The discomfort and panic of the Cuban Caridad Hernández62 years old, who resides in Fort Independence Housesin the Bronx, a New York City Public Housing Authority (NYCHA) complex is just one voice among more than 350 thousand residents of the Big Apple who live in these residential units across the city, who in times of freezing temperatures, generally have a worse time than usual: During the whole winter we have not had hot water or heating!
And it is that for the second consecutive day, complaints from residents of the largest public housing system in the entire country, forces us to look at service problems accumulated for decades, but that in this winter season, adds the risk that the domestic maneuvers and the use of electrical and gas devices, to procure heat, end in fires like the one registered at the beginning of the year in Tremont, also in the Bronx.
“I confess something to you. Sometimes I have had to turn on the stove and get closer to be able to warm up. Many residents I know are looking for other means. And that is a risk that exposes us to fires every day. It is reported and reported and nothing happens”, said Caridad at the doors of the building where she has lived for eight years, located in the 3340 Bailey Avenue in Kings Bridge Heights.
Charity’s complaint and the 715 families residing at Fort Independence Houses It is not an isolated incident.
This Monday, the residents of Carleton Manor on Beach Channel Drive in Queensanother NYCHA complex, also came out to protest because they have been without hot water since November.
Also last week at Woodside Houses community in Queens It was reported that more than 2,900 residents since the passage of Hurricane Ida, five months ago, have their heating plant damaged.
The same drama has been reported by more than 10,000 residents of Fulton Houses in Manhattan and Lincoln Houses, made up of 14 buildings in Manhattan.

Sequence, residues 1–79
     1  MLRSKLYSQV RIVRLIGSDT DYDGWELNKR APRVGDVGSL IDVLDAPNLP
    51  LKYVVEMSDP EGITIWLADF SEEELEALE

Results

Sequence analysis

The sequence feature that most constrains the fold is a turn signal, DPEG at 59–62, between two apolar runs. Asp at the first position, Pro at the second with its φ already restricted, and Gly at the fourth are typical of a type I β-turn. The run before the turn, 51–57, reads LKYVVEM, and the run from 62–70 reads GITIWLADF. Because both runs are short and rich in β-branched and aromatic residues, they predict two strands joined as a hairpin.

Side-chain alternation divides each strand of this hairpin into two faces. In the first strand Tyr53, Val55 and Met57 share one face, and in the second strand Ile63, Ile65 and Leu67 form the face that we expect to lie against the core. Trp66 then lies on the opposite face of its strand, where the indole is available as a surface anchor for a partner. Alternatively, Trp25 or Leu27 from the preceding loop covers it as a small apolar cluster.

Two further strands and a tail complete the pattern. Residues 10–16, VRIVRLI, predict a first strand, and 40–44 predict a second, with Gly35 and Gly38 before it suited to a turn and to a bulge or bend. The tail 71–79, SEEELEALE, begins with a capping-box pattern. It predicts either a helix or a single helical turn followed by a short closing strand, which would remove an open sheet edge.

The retired Puerto Rican, Jorge Dávila, 65also lives in Fort Independence House and explained that the deterioration of this residential complex characterized by leaks and elevator failures, takes on greater force these days, when temperatures have dropped significantly in the city.
“There are many elderly people who are sick and They’ve been here all winter freezing. It is reported, the inspectors come, and there is no solution. This is dangerous. People look for ways to warm up. And that’s when the fires come.” the islander recalled.
They propose fault classification systems
Faced with pressure from residents like Jorge and his neighbors, this Tuesday the Ombudsman Jumanee William and the President of the County of The Bronx, Melissa Gibson to learn about the series of failures that is actually just “a drop in the ocean” in the NYCHA complexes, where several balances show that the 90% of its buildings in the five boroughs require repairs and renovations.
After visiting the Fort Independence Houses, Williams issued a series of recommendations aimed at reforming the “inadequate and inefficient” repair process at these public housing complexes.
“NYCHA is the worst landlord in town: heat and hot water outages in all five boroughs are unacceptable and completely predictable given NYCHA’s history of mismanagement and chronic underfunding,” Williams said.